From ‘stock proof to bullet proof’: internal Westonfence is ideal
Gordon Brown likes a fence “that’s stock proof when the power’s down, and bullet proof when it’s electrified”.
Gordon Brown likes a fence "that's stock proof when the power's down, and bullet proof when it's electrified". It's the reason the Shelford farmer, 40 kilometres west of Geelong in Victoria, chose a Westonfence.
Gordon took over managing "Shelburn" in 2012, and began creating a self-replacing flock from Border Leicester-Merino first-cross ewes. After evaluating different crosses, he uses Highlander and Lambpro maternal sires. This year, all but 300 of the 2,500 ewes joined were home grown. Fodder crops on the property's 1,214 hectares, include 300ha of oats.
"As for pasture, we've established 200ha in the past two years and will plant a further 125ha this year."
Other improvements have been the fencing.
"I wasn't satisfied with the existing design of a lightning dropper-type to secure cross-bred sheep: I like to keep mobs separate. A lot of paddocks were too large, so I subdivided those, as well as wanting plantation fencing to grow 55,000 trees."
Experience points to fencing choices
Before deciding on what he wanted, Gordon spent a bit of time researching, to compare products and suppliers. He chose a Westonfence system and two Gallagher M5800i Energizers with remote monitoring. The i Series quick-scan LED fence performance lights turn red if there's a fault or sudden load increase, and green at all other times.
"I'd been exposed to both in previous management roles, so knew they were good. I'm using the two M5800i Energizers on separate sections of the farm."
Although people usually consider Westonfence as boundary fencing, Gordon says its quality for stock control and the fact he wanted lots of subdivisions saw him choose to use it internally too.
"Westonfence is very competitive and on top of that, it only took two months to put up 40 kilometres of it in very difficult conditions over a wet winter."
Gordon says the reasons for choosing an electrified fence over a traditional fabricated fence were simple.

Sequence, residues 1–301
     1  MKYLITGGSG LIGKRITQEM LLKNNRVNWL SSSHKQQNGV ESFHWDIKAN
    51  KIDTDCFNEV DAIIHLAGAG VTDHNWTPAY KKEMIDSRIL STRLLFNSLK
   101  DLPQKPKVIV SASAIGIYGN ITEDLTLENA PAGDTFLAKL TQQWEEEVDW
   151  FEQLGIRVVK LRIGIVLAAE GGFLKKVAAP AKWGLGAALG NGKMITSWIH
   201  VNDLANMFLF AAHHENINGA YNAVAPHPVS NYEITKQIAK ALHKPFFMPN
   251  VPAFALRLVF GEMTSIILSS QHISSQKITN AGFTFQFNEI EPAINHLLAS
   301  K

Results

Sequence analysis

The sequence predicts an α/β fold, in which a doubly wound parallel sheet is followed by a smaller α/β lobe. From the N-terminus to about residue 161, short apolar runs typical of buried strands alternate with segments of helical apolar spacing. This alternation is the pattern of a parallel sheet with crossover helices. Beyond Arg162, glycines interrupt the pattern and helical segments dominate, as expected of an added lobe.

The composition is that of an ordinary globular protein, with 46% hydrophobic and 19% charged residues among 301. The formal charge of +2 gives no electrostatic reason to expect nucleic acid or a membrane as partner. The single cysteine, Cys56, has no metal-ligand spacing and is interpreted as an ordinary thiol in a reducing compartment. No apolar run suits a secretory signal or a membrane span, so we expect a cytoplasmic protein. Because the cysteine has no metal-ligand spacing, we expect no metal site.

"I like a fence that's stock proof when the power's down, and bullet proof when electrified. Once livestock work out a way to escape, they never forget, so my plan is to never to allow them to learn bad habits but to have good control from the start, rather than trying to beat bad habits after they have already begun."
The eight-wire earth return fence has four hot and four earth wires; there are maxi posts every 10 metres with three Westonfence Insulated Suspension Posts in between. Gordon says the well-constructed fencing has the ability to earth in dry conditions with moistening the earth stakes.
No post movement
The fences, which Gordon put up in his first year of ownership in 2012, need "next to no maintenance", just slight attention where they integrate with the stand-off wires. "And we never get shorts on them, unless a tree branch falls directly on it."
Neither has Gordon had any trouble with the Westonfence Insulated Suspension Posts moving over time.
"I had trouble with kangaroos, but they never damage the Westonfence. Those clips are an excellent design, and really do a good job of holding the posts in place."
Gordon says the fencing — with the i Series with remote monitoring powering the Westonfence — has had an excellent impact on the day-to-day management of the property.
"It's made life easier; my fault-finding time is very minimal."
He cites other benefits, too: "A reduction in faults and time wasting; very stock proof for sheep and cattle; very visible to livestock; excellent for educating weaners, and ongoing control.
"I even have many older fences — not electrified — that the livestock respect, I believe, from their respect for the Gallagher electrified Westonfence."